• Asherz Says:

        Yra-In the next global slowdown (has it already started?) and debt service becomes dangerously tight, how will the Central Bankers react? Will they keep a steady hand on the till and try to navigate a controlled deflation, or will they use their primary tool and give the Gutenberg machine a QE on steroids? A rhetorical question.
        Inflation or more likely hyperinflation will result. And following your investment advise, GOLD , will make the holder a survivor. And if deflation then follows or deflation is where we go initially as you posit, the yellow metal will still be the life preserver as the fiat ( “In God We Trust”) currency will give the holder of the greenback understanding that He is the one that should have been trusted rather than the cockeyed captains steering the ship.

  2. Arthur Says:

    Venezuela. Your insight? Thanks.

    • yraharris Says:

      Arthur–this is a very delicate situation.If Maduro holds it could get very bloody quickly.The Russians and Turks came out this morning in support of Maduro so of course the UN will be a non-starter so it looks like the Monroe Doctrine will be the US backstop.As far markets,the Venezuelan heavy crude which is not refined by all nations—PDVSA refiners are citgo –it will take awhile to turn around the devastation of the oil industry.alo,Venezuela has sold much of its gold and it owes large amounts of money to China and Russia.The positive is that maybe Latin America can straighten this out themselves before the streets are flowing with blood–it is always the people who suffer at the hands of all authoritarians and Venezuela is no different.Trump did take the lead and then others have followed but let see who else lines up–maybe the Davos crowd has a concern other then the need to buy cheap Venezuelan debt—amazing that Europe is very quiet on this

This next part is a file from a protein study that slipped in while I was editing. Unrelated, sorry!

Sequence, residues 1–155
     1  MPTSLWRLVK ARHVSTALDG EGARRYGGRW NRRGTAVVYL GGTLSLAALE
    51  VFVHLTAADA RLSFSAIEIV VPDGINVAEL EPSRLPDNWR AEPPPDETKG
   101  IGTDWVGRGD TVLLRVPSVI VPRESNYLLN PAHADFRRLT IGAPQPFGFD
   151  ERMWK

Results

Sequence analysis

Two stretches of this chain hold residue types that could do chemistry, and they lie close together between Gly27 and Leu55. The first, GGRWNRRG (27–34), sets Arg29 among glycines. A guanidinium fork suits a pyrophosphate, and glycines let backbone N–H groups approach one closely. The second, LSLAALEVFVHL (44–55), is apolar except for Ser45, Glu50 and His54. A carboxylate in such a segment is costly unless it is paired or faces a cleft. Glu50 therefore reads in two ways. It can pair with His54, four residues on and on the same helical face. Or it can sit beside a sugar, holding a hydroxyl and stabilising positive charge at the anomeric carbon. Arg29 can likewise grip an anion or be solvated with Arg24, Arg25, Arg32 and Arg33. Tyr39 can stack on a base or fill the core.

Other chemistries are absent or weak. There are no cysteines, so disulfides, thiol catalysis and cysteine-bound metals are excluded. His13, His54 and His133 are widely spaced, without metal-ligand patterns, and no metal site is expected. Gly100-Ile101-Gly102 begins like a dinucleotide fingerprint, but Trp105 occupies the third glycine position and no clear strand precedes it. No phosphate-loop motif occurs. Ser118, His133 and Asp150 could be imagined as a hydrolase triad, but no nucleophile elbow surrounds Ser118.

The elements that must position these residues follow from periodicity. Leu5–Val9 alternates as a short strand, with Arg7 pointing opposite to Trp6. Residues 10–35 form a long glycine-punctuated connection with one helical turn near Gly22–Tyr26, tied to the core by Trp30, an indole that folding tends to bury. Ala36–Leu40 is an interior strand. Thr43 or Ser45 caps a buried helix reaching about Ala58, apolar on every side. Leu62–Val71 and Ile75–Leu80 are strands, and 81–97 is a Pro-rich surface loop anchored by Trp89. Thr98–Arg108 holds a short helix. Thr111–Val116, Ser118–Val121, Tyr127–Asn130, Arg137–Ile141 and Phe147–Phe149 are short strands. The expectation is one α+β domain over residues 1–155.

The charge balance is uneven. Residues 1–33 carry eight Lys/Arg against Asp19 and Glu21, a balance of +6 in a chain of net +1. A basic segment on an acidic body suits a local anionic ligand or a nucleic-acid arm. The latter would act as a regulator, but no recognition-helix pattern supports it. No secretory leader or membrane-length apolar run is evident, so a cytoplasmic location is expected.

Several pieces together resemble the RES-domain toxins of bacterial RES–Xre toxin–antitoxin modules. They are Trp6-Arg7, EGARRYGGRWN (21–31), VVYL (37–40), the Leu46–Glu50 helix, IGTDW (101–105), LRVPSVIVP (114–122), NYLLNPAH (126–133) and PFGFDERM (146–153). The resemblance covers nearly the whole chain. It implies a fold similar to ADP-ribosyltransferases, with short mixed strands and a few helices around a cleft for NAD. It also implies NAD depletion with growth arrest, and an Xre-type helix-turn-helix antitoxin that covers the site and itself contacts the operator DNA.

3. TripleNet Says:

    Thanks to QE, US banks are holding 130% reserves to demand deposits. They are highly capitalized. The next “Lehman moment” is most likely going to come out of the EU, not the US.

    In case readers missed it, Germany’s industrial production fell by a whopping 4.7% YoY in December, the biggest decline since December 2009!

    ===
    The Central Bank of Russia disclosed its latest holdings of FX reserves as of 2Q18. Russia accounted for 90% of the inflows into the Chinese bond market in 1H18. Staggering figure.

  4. David Mann Says:

    Yra, To be a successful trader, one must be disciplined and fearless. You and Asherz have nailed down my greatest concerns and fears of the past 9 years. Its going to be tough putting fear back in the closet…maybe have to take a week off trading! Thank you both for putting it succinctly in writing.

  5. Rohr (Alan Rohrbach) (@MacroMeister) Says:

    Hi Yra-
    In the wake of the Draghi disquisition it appears to be back to ‘bad news is good news’ in a way we had not seen for a while.

    What else explains the tandem bid in the US equities, all govvies and the emerging currencies in the face of so much global economic weakness and political disruption? Kind d of interesting that the ECB & BoJ accommodation are driving the US ‘portfolio cure channel’. Not really a surprise, yet interesting nonetheless.

    Best-
    AR